This mosquito season, be vigilant for the usual litany of information, advertising and social media posts on many aspects of mosquito control. Much of this is erroneous, misleading or just plain wrong — but some of your customers, potential customers, family members and others often believe false claims, and it can be next to impossible to change their minds. What’s more, they will be hesitant to purchase a mosquito service if they have been duped.
Beware of foods, vitamins, shampoos, plants, wristbands and other things that manufacturers and sales folks claim will kill or repel mosquitoes. Often, these items have no third-party data (generated by someone other than the manufacturer) showing they work.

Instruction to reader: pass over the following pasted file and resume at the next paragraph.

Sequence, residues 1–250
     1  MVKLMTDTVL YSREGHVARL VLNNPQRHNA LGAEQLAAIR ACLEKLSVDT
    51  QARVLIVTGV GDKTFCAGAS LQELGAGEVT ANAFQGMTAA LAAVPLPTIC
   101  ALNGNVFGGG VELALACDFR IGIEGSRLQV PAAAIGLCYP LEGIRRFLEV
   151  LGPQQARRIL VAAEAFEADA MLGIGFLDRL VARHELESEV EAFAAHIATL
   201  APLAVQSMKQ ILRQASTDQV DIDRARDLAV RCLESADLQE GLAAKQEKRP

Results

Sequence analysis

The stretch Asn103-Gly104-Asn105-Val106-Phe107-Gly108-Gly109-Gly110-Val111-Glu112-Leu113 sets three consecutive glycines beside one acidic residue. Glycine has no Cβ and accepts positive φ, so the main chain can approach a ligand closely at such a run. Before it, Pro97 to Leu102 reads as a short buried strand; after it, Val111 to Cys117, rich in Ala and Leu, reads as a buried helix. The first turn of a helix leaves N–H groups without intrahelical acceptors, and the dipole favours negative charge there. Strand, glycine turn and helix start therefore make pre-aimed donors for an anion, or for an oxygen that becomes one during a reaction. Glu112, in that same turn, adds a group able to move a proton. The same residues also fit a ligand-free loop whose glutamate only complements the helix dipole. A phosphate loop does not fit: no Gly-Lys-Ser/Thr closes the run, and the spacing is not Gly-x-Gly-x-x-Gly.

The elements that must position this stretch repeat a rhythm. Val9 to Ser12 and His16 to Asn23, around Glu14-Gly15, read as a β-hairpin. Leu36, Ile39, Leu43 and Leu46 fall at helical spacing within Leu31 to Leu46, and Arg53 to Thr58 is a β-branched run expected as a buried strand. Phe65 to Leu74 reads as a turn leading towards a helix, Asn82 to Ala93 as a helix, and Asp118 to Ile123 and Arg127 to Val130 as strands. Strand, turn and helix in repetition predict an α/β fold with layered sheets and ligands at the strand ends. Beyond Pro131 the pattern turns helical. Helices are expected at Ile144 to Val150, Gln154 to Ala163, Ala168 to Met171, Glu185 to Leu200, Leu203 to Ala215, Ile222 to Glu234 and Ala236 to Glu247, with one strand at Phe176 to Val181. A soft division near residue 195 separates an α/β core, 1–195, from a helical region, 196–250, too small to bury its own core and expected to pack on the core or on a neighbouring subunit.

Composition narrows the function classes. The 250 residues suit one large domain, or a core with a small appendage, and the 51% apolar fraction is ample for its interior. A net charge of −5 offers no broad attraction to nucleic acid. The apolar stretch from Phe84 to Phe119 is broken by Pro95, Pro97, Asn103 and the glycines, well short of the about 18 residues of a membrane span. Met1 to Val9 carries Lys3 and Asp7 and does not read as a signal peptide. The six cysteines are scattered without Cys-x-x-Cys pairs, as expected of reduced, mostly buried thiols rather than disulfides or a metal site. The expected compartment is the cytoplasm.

Be diligent in educating yourself and your teams about what does and does not work in repelling or killing mosquitoes. Why? Because your customers will ask you about something they saw online, read about or heard about from their neighbors. Simply saying “I have no idea” is not a good answer.
If you are asked about a technique, device, food or other item you know does not work, a better answer is “Yes, I have heard that claim as well, but are you aware there is no scientific evidence to support it?” This will reinforce to customers that you know your stuff and can lead to the sale of a mosquito service.